By the four degree stage serious tipping points may be reached, causing the spiral to zoom ever faster. Vast areas of Arctic tundra will have melted, releasing billions of tons of greenhouse gas into the air. This process is already taking place, and at four degrees of warming it will be in full roar. It is estimated that 500 billion tons of CO2 and methane (an even more potent greenhouse gas) are locked in the frozen tundra of Canada, Alaska, and Russia.
Not so good, huh? Our descendants, should there be any, will be in pretty dire straits. I can imagine a scene in the not so distant future where surviving members of the human race are sitting around guttering campfires scattered across the ruined planet, listening to elders telling tales of this present era. Younger boys and girls will find it hard, perhaps impossible, to believe that anything like the present day debacles could have happened.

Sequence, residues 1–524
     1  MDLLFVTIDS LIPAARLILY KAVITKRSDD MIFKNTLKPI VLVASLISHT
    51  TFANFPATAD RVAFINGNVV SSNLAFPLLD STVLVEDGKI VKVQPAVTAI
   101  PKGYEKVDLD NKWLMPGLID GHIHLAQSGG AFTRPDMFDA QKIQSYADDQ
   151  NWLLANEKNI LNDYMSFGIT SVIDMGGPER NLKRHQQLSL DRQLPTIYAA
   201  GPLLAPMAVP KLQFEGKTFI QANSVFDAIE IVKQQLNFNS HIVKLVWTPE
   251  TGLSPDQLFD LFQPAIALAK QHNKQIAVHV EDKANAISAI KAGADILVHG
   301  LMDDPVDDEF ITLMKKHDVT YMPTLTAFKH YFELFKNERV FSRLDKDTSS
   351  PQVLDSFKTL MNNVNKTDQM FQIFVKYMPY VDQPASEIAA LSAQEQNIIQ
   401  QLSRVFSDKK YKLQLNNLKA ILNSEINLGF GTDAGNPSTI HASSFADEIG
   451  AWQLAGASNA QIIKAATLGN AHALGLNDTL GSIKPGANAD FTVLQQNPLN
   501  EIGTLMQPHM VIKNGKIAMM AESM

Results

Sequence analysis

“Nobody could be that stupid,” they might say to their elders.
But as they look around at a landscape littered with ruined houses, abandoned factories and rusting cars, they might have to admit that at least something must have gone horribly, terribly wrong early in the 21st Century
Is it possible, against all reason, to think that yes, somebody could be that stupid? And if so, could that somebody be—us? Surely not!